15th International Congress of Phonetic Sciences (ICPhS-15)
We report findings from speech error experiments that challenge particular assumptions about articulatory effort as they have gained widespread currency in recent phonetic and phonological theory. We find that in errors, speakers often add extra gestures that are phonotactically illegal, but crucially create a symmetric frequency pattern. While this increase in number of articulatory events is unexpected under an effort-based approach, from a dynamic perspective we can understand this phenomenon as a transition to an optimally stable mode of coordination. We discuss why articulatory effort cannot be evaluated without reference to dynamic stability relative to the current context of an utterance. Gestures are never per se effortful; rather, changes in complex coordination relations can result from the interplay of different stable attractor basins governed by the dynamic characteristics of speech production.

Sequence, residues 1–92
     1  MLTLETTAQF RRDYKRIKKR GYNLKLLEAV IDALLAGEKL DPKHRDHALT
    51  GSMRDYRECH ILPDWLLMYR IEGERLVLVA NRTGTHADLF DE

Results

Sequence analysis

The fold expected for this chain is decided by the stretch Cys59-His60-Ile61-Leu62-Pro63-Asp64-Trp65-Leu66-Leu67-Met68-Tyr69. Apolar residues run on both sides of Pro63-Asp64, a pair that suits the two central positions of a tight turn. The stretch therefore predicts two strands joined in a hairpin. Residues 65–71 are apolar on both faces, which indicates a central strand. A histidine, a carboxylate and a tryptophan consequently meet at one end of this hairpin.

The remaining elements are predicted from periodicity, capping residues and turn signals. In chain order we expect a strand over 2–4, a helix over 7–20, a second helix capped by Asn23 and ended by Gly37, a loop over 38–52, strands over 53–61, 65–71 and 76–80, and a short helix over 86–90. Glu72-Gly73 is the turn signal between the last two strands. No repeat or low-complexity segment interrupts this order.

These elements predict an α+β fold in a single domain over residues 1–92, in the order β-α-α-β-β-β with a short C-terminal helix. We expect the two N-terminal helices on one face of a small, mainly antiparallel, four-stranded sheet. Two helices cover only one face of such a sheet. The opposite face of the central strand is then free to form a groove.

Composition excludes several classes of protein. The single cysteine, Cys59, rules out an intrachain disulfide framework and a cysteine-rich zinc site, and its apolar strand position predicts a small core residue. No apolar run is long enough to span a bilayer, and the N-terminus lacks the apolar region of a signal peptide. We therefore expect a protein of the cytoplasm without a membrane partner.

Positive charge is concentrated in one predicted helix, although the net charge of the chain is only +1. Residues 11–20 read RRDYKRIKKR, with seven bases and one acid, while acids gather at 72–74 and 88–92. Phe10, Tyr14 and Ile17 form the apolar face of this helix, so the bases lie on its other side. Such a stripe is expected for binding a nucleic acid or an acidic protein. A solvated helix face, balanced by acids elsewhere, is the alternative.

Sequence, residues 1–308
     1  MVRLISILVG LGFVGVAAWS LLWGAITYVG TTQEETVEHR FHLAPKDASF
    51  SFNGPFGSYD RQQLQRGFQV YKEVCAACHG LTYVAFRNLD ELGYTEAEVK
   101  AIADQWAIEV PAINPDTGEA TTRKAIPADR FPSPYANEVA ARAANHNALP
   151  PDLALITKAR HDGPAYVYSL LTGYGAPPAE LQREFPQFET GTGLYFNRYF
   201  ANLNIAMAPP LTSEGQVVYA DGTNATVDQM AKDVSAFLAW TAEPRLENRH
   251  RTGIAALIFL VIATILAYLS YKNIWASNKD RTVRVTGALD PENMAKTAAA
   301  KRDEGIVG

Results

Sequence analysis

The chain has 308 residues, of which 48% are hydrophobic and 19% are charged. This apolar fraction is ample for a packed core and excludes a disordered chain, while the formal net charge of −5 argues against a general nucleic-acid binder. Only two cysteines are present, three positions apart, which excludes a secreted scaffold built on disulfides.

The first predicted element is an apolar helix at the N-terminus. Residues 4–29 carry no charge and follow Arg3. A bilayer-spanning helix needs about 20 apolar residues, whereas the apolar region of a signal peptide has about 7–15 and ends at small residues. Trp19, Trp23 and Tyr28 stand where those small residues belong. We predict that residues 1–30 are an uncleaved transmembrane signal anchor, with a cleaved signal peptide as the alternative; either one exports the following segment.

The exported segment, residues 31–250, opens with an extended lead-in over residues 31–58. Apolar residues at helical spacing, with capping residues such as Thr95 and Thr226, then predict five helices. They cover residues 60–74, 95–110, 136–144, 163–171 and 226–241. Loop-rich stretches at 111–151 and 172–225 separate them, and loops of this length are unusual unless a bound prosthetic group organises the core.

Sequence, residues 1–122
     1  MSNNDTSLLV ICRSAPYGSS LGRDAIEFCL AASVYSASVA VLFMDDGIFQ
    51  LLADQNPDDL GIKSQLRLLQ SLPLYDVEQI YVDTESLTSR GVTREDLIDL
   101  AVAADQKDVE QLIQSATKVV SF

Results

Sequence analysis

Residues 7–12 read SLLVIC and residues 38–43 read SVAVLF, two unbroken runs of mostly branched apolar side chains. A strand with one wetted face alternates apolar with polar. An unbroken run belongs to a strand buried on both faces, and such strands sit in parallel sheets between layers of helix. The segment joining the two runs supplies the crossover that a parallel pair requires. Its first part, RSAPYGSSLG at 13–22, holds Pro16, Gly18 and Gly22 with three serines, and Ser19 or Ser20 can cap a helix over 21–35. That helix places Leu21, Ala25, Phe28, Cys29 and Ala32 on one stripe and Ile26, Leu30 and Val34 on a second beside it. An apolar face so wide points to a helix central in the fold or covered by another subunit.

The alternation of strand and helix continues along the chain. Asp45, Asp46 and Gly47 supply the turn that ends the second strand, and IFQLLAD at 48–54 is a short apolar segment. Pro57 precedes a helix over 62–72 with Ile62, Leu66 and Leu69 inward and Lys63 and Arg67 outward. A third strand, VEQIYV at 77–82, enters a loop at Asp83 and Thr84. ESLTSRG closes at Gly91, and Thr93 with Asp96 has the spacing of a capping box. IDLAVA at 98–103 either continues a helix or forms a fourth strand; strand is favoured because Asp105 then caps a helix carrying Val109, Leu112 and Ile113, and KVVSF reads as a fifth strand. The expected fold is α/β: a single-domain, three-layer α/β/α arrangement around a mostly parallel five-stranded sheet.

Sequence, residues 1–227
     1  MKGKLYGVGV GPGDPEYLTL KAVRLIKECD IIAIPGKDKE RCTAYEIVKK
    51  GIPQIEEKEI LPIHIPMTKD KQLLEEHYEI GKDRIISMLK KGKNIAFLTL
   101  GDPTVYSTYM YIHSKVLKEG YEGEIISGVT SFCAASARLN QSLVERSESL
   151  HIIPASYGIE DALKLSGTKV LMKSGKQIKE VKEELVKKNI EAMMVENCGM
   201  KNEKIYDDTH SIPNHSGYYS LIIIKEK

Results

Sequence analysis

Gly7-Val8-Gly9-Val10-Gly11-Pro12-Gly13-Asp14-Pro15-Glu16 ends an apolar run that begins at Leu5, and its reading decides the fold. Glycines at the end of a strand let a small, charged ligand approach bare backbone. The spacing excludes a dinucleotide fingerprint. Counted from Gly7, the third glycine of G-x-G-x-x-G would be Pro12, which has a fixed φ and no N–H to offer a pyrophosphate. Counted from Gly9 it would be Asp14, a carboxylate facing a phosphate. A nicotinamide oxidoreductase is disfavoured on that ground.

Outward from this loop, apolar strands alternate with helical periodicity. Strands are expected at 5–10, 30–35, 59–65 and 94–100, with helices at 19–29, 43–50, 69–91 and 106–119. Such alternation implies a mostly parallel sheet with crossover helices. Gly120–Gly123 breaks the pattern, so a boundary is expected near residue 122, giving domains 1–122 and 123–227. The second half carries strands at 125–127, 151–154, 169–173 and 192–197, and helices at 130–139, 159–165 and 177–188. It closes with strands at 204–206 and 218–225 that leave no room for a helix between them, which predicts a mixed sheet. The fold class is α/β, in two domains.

Bibliographic reference. Pouplier, Marianne (2003): "The dynamics of error", In ICPhS-15, 2245-2248.